Holi is one of the many Hindu religious festivals that are celebrated across India with zeal and enthusiasm. Known as the festival of colour welcoming the season of spring, it falls in the month of Phalgun on a full moon day according to the lunar calendar (on the Gregorian calendar this day falls either in February or March), typically marking the end of winter and the beginning of warmer days, signifying the start of a new and happy phase.
Though celebrated by people across the country, it is known by different names in different states. For example, in some states it is given names such as shimga or dolayatra.
There are innumerable legends associated with the origin of this festival. A more popular one concerns the demon Hiranyakashyap who was an ambitious and ruthless king. To attain supreme power over his land and people the King wanted to be regarded as God and worshipped as such. Unfortunately for him, his own son, Pralhad refused to follow such orders and disobeyed his father. He was a fervent devotee of Lord Vishnu and so gave his allegiance and utmost devotion only to his lord. The proud king was not happy with his son’s behaviour and decided to punish him. He ordered his sister Holika to jump into a fire with Prahlad. Holika had a special gift whereby she did not get affected by fire. In order to obey her brother and satisfy her own sinister thoughts, she did not take heed of the fact that her gift was only good so long as she was to enter the fire by her self. As Holika entered the fire with young Prahlad whose devotion towards Lord Vishnu saved him. Holika instead was burnt to ashes. This was seen as a triumph of good over evil.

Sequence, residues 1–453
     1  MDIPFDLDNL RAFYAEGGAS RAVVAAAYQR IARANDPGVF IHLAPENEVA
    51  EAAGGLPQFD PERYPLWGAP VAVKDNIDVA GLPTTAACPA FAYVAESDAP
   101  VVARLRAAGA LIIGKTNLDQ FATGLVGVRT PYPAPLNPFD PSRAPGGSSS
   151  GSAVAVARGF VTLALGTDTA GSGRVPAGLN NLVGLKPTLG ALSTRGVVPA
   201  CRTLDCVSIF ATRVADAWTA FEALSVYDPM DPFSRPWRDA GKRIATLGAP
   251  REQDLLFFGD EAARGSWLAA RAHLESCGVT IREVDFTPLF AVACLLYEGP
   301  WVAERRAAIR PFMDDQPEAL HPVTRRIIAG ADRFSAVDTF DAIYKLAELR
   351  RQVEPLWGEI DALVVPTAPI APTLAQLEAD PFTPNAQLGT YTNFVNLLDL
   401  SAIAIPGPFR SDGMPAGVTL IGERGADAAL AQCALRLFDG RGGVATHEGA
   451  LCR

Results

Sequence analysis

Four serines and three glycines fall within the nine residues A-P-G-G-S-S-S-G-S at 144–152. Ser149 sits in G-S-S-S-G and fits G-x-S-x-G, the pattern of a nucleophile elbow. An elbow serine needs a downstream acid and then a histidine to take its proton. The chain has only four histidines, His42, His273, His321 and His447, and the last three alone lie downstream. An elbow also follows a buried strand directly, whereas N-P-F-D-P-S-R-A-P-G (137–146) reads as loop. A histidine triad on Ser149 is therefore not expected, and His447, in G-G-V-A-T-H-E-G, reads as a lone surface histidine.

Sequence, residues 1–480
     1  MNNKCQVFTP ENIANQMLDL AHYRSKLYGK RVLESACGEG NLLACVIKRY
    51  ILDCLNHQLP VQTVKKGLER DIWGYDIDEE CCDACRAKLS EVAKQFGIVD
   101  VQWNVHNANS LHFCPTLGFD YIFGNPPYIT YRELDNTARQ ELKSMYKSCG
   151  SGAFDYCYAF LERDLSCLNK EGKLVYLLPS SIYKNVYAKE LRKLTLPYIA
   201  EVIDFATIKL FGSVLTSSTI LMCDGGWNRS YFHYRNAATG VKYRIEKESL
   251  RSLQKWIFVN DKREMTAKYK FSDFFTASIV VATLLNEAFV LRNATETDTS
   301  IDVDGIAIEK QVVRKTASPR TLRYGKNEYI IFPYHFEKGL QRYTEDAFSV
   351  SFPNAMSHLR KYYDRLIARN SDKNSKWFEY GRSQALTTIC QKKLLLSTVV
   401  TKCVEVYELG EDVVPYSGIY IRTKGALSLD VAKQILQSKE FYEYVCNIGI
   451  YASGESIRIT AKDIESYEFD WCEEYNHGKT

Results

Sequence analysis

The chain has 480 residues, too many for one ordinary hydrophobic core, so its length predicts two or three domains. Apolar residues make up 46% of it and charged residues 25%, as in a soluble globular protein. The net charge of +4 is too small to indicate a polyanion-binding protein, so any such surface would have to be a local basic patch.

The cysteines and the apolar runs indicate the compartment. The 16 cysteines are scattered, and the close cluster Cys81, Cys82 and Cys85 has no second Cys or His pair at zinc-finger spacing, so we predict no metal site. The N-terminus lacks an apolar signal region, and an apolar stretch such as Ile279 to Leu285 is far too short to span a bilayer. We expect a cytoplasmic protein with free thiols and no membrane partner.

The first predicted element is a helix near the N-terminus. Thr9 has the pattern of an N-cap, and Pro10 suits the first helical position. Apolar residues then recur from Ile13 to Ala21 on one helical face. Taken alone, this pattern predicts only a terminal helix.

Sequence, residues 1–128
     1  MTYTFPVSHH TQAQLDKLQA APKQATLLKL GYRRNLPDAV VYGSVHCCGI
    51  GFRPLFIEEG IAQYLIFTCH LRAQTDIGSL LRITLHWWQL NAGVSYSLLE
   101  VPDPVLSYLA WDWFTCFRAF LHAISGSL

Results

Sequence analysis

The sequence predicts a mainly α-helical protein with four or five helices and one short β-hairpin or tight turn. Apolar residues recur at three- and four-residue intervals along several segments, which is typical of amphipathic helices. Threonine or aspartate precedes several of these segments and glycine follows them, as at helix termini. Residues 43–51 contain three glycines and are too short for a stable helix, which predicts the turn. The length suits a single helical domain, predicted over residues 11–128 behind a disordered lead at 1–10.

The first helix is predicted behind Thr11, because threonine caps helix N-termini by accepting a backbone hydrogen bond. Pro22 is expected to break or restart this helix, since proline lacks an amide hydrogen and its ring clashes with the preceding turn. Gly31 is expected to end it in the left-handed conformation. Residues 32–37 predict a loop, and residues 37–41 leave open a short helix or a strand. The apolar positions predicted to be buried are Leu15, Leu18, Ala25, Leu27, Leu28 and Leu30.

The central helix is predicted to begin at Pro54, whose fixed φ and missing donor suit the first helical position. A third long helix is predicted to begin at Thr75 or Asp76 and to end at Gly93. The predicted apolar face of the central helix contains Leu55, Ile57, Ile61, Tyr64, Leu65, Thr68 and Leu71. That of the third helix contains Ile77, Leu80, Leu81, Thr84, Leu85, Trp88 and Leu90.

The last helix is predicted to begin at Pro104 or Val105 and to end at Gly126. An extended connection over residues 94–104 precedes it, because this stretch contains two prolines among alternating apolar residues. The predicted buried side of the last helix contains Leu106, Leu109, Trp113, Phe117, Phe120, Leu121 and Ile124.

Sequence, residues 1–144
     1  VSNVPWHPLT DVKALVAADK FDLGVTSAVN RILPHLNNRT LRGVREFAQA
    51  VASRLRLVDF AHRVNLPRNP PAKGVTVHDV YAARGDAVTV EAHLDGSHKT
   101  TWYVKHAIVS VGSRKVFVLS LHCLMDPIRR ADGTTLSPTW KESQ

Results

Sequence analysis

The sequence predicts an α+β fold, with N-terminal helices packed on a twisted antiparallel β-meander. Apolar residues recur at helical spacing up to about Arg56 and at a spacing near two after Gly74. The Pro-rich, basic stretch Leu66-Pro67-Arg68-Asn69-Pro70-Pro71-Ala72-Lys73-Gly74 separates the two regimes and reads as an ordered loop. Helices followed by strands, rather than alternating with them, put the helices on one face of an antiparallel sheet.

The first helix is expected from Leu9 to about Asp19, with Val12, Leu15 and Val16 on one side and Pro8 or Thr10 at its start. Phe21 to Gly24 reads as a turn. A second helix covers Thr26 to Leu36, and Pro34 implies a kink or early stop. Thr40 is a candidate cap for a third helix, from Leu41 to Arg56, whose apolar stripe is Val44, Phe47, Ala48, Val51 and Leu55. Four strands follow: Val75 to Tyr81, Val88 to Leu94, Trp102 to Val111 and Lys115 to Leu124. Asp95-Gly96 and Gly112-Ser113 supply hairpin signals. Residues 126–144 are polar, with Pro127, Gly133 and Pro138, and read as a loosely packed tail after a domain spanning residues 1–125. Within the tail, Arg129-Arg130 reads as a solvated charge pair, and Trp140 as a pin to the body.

Other accounts include the story of Lord Shiva-Parvati and Madan or Kaamdeva, the God of love. Madan was requested by the Gods to make Shiva fall in love with Parvati. However, Madan’s attempt failed and Shiva got so angry that he immolated him.
Another account concerns the mischievous young Lord Krishna and his childhood sweetheart Radha. It is believed that in conversation with his mother Lord Krishna once quizzed her on why he was so dark while his friends, including his closest and most liked friend Radha, were so pretty and fair. His mother replied that he could colour Radha and all his other friends any hue that he wished. So Lord Krishna decided to do just that and set off to visit his favourite Gopi (milkmaid) Radha and her friends in Barsana, a little village in the district of Mathura in Uttar Pradesh. The women were not happy about this and decided to chase him away from their village with the help of wooden sticks – Lath Mar. So what started off as a harmless prank soon became a tradition which evolved into the celebration of Holi. Even today, Mathura and the little village of Barsana comes alive at the time of Holi and the tradition of Lath Mar is followed.
Irrespective of what the origins of this festival really were or the variety of ways that it is celebrated – one truth remains…Holi is the expression of the sheer joy of life and the overwhelming spirit of acceptance and togetherness.
Author: Haridini Hirlekar-Simson Photographs © Kumar Mangwani Web editing: Ulka Athale Source: Heritage India, Volume 2 Issue 2 (2009)